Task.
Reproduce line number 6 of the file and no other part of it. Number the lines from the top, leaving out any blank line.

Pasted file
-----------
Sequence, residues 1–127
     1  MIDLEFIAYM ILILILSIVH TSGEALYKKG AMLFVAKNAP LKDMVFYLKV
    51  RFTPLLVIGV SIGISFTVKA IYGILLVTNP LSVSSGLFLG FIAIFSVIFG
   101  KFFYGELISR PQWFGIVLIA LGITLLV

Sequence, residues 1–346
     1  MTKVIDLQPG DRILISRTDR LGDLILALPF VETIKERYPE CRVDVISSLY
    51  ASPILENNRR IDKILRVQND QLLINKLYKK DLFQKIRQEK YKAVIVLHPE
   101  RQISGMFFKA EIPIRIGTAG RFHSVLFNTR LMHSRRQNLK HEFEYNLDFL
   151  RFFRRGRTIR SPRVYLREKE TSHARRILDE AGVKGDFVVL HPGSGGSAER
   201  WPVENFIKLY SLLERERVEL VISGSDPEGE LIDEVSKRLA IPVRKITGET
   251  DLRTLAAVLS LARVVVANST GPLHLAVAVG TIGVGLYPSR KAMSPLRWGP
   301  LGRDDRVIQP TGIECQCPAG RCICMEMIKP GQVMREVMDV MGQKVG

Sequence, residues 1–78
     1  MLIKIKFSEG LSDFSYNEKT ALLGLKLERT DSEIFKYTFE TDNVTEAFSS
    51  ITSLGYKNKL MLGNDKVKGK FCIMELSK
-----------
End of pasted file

     1  MTKVIDLQPG DRILISRTDR LGDLILALPF VETIKERYPE CRVDVISSLY